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30 December 2011, Gateway House

Imran Khan: Yet another messiah?

Imran Khan, leader of the Pakistani political party Tehreek-e-Insaaf, means well, and has the support of many in his country. But without any solid reforms manifesto, and almost no one in his party to implement his plan, what really are his chances in the upcoming elections?

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The Pakistani leadership is so venal that if a slug seated atop a toad were to crawl into Islamabad, they would be welcomed by the people as the promised messiahs. Comparisons are odious but they are necessary because no reasonable answers can be obtained without some cross referrals. The Imran Khan ‘tsunami’ swept into Karachi last week, impressing people by its sheer numbers. As the waves recede and reflective thinking moves to the foreground, many now understand that it was a storm without substance. Almost ritually, Khan prayed in full view of the masses – a repeat of the 30th October Pakistan Tehreek-e-Insaf (PTI) Lahore rally and a chilling inclination of possible things to come. Having made peace with his Maker, Khan launched into a broadside against corruption, Pakistani President Asif Ali Zardari and others, with little in way of facts. Between pop tunes, he called for reforms and vowed to end corruption within 90 days after his party forms the government with the help of computers – because they can’t take bribes! He changed the game plan of attacking some of his political opponents and studiously avoided any mention of his former sworn enemy, Altaf Hussain, the leader of the Muttahida Qaumi Movement (MQM) who communicates with his followers only via telephone from London. Allah be praised indeed!

Like many Pakistanis, jaded and cheated again and again, a part of me wants Khan to succeed. But I also fear that his is a very simple mind tackling problems that are too complicated and too deeply intertwined to get solved. Khan speaks common sense. He has spoken it for years but common sense does not run affairs of a country drowning in debt and run by a leadership that sees no harm in robbing the dead.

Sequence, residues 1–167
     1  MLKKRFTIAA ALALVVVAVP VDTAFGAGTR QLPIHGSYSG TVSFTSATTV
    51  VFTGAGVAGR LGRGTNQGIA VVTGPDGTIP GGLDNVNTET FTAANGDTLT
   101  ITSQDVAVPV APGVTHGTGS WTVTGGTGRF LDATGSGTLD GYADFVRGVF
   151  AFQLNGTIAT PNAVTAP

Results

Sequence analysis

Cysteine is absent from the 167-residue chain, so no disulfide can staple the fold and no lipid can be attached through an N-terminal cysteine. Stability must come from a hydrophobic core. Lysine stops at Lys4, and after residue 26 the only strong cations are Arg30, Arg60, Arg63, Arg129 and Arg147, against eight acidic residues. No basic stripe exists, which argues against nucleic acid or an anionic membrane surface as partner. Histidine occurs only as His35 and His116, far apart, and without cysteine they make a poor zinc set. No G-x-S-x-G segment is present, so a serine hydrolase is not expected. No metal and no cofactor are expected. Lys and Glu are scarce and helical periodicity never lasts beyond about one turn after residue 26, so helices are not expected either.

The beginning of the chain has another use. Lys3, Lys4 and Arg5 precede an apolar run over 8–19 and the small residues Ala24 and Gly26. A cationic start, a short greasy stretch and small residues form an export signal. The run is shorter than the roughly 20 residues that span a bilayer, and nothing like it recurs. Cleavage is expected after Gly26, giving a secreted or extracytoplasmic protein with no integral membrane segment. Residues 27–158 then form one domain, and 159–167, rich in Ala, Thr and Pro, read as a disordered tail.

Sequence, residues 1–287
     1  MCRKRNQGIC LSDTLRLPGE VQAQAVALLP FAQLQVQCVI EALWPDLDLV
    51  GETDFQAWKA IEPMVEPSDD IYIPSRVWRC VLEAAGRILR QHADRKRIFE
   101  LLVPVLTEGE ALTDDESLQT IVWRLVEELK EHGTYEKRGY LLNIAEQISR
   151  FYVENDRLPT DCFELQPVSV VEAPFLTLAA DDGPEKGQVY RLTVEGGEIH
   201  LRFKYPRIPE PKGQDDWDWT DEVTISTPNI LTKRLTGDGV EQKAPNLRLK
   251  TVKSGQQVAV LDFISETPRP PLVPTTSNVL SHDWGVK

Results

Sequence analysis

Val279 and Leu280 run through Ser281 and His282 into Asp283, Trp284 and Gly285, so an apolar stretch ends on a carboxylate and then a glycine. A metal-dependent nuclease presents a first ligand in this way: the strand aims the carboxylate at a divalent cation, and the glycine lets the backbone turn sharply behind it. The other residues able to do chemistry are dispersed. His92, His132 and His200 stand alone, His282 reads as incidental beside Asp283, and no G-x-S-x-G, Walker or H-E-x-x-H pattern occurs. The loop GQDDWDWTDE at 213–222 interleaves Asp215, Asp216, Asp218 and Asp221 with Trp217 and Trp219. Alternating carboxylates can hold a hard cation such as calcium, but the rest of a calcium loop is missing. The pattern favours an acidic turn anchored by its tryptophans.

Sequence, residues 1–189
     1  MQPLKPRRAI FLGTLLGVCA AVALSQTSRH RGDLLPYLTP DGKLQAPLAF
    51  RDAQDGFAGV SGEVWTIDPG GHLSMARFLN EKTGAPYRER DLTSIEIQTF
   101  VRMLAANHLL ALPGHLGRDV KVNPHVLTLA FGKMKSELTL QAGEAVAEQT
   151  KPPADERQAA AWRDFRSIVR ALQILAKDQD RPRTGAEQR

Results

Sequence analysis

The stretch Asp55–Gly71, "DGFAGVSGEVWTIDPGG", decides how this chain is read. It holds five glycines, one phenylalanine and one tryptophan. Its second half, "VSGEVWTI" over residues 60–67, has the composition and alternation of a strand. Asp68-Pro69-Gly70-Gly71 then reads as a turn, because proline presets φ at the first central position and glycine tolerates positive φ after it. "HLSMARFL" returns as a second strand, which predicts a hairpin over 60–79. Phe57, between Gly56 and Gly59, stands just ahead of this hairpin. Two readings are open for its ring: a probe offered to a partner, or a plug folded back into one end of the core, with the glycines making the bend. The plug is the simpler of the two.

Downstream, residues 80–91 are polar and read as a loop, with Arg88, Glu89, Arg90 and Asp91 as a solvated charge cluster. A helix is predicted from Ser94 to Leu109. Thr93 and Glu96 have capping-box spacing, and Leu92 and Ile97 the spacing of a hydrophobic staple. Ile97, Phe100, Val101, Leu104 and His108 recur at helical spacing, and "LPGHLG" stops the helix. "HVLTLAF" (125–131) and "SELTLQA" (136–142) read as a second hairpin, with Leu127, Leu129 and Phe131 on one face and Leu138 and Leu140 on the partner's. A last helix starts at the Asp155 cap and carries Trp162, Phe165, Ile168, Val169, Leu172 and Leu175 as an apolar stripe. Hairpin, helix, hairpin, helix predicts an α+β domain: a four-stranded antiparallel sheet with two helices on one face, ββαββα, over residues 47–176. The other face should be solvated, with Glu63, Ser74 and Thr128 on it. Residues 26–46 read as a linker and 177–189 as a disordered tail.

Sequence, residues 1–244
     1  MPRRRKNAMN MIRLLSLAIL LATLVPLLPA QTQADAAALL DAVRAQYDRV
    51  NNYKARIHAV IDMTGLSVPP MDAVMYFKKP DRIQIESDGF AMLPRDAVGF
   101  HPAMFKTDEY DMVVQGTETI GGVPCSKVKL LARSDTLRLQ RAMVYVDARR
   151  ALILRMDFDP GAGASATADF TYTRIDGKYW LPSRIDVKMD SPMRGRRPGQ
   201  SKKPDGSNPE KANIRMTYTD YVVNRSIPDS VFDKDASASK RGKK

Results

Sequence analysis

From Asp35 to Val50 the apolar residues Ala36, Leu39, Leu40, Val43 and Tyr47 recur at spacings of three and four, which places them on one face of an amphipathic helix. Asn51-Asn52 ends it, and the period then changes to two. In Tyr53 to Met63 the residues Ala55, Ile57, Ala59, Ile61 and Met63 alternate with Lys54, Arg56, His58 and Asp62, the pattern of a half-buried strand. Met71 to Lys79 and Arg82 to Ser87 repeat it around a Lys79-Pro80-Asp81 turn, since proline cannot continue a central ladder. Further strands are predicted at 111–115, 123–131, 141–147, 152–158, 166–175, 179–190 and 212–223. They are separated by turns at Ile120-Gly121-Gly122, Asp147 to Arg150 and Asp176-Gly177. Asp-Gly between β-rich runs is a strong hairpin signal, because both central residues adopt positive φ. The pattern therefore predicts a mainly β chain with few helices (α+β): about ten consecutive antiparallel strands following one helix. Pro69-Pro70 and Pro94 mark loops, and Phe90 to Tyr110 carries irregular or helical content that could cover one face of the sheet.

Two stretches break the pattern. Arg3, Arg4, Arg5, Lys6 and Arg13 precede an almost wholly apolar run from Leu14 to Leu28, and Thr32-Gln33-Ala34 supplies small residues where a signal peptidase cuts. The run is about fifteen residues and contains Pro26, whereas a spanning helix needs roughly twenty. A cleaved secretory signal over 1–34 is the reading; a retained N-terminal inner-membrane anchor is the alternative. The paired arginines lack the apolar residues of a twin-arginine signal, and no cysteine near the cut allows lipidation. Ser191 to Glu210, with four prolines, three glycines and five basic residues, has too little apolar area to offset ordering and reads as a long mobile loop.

Like cricket, any prediction is foolish. Cricket may be like life, but life is not like cricket.  Khan may be putting a few well-remembered clichés over the ropes, as did another leader almost four decades earlier – Zulfikar Ali Bhutto’s roti, kapra aur makaan (bread, clothing and shelter) – who left the people none of the three. Khan’s mantra is even less rooted in the soil. It is in the air and to date, he has yet to make a single solid proposal to ease Pakistan out of all its troubles including an external debt that runs beyond $ 59 billion and an internal debt of $ 66 billion. If Khan is the promised messiah, the good Lord is playing jokes. Where is this money going to come from? Khan says ‘no more aid.’ Okay, but what will people eat? Air? Grass? Someone in Khan’s party, the Pakistan Tehreek-e-Insaaf (PTI) has to start doing the sums, crunch the numbers and come up with plans beyond the 90-day formula that Khan thinks is enough time to solve all his country’s ills.

Pakistanis are impressed with numbers. Khan has notched up two centuries back-to-back. First the Lahore rally on 30th October was massive. The second was a double century at Mohammad Ali Jinnah’s uneasy resting place in Karachi on 27th December. But five swallows don’t quite make up a summer particularly if the summer is in the subcontinent. Crowds can be impressive but people have so little to do here that they can wander for miles without reason. Yes, in terms of an outpouring from a citizenry fed up with Crooks Inc., and demanding change, the gathering was momentous and meaningful. But how many of those, the chattering classes included, will show up on Election Day and cast their votes to change Pakistan? And how would Khan’s PTI, with no declared source of funding, find the means to bus the largely unwashed to the booths?